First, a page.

The Other Source of Sea Level Rise

New studies reveal that water consumption worldwide may be contributing to sea level rise as dramatically as melting land ice. Freshwater from the world’s aquifers is being pumped for human use, channeled into agriculture and municipal wells—and ultimately into rivers and then oceans. Sea level expert Robert Nicholls of the University of Southampton in England said that climate change will remain the significant driver of sea level rise. But even if society managed to mitigate climate issues, burgeoning ground water consumption would contribute to sea level rise. While reservoirs have so far offset freshwater flowing into the world’s ocean, aquifer systems have caused sea level rise at an average rate of one millimeter per year since 1961.

Read more at The Guardian.

Drying Times

Florida continues to experience low annual rainfall, the only source of water to replenish the Floridan aquifer. This deep underground storage tank supplies 90 percent of Floridians with fresh water for drinking, manufacturing, growing food, sprinkling on lush landscaping, washing cars and clothes, and filling swimming pools.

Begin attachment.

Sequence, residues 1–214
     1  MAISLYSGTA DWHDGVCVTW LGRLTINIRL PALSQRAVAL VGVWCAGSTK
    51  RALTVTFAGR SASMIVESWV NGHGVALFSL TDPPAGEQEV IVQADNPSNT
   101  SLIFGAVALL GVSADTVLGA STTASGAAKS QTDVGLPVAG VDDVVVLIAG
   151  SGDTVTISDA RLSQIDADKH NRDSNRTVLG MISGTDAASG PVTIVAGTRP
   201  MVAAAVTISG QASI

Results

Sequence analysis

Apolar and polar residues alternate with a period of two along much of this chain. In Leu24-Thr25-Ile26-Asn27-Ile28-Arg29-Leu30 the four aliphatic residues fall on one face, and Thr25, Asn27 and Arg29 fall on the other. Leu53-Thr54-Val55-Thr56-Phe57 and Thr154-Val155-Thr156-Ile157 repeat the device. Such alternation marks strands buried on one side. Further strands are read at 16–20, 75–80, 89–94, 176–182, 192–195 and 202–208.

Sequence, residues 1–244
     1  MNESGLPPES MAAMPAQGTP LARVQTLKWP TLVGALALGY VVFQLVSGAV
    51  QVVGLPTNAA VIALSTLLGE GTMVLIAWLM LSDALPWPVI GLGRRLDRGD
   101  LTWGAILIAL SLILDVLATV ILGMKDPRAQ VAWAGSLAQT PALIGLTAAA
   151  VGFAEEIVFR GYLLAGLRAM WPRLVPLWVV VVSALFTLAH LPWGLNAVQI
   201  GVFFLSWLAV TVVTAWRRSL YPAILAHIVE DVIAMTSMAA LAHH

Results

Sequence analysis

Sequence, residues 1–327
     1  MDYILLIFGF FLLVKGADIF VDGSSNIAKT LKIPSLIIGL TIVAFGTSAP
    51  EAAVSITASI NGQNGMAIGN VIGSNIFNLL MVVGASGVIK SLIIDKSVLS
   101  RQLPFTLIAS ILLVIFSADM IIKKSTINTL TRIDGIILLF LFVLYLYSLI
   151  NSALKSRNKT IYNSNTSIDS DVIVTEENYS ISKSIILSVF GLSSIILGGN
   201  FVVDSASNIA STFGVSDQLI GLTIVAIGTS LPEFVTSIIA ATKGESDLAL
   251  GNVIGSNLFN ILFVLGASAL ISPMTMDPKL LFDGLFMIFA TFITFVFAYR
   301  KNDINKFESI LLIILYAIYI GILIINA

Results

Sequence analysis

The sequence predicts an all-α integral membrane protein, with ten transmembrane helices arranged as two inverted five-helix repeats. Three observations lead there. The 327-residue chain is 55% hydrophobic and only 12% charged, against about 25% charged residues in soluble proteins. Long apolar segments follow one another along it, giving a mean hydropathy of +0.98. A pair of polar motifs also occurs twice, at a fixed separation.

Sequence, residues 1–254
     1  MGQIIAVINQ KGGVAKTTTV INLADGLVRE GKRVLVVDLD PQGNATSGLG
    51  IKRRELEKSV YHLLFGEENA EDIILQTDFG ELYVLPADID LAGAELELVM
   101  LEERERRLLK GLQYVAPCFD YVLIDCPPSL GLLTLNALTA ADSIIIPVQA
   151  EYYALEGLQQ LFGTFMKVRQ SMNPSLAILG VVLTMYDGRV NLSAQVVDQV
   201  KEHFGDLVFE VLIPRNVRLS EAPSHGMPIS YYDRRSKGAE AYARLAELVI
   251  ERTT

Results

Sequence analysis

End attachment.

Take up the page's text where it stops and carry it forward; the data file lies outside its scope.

Is it in peril?

Floridians might take note of two Texas towns that have run out of water. More than 1000 towns in Texas have water restrictions and 17 are considered critical in terms of water supplies. A recent PBS News Hour story reported the following:

“Topping that list is the town of Spicewood Beach, a community of 500 homes on the shores of Lake Travis near Austin. Spicewood relies on wells fed by water from both the lake and the aquifer below the town. Too much water use and too little rainfall last year caused the water table to sink to historic lows. This January, Spicewood Beach became the first Texas town to run out of water.”

There are lots of ways to save water. Cities and counties all over Florida have materials and programs to help Floridians conserve water, fix leaks, and find water savings appliances. Check out information on Web pages for your local government or utility or go to the water management districts Web page to find a link to your district.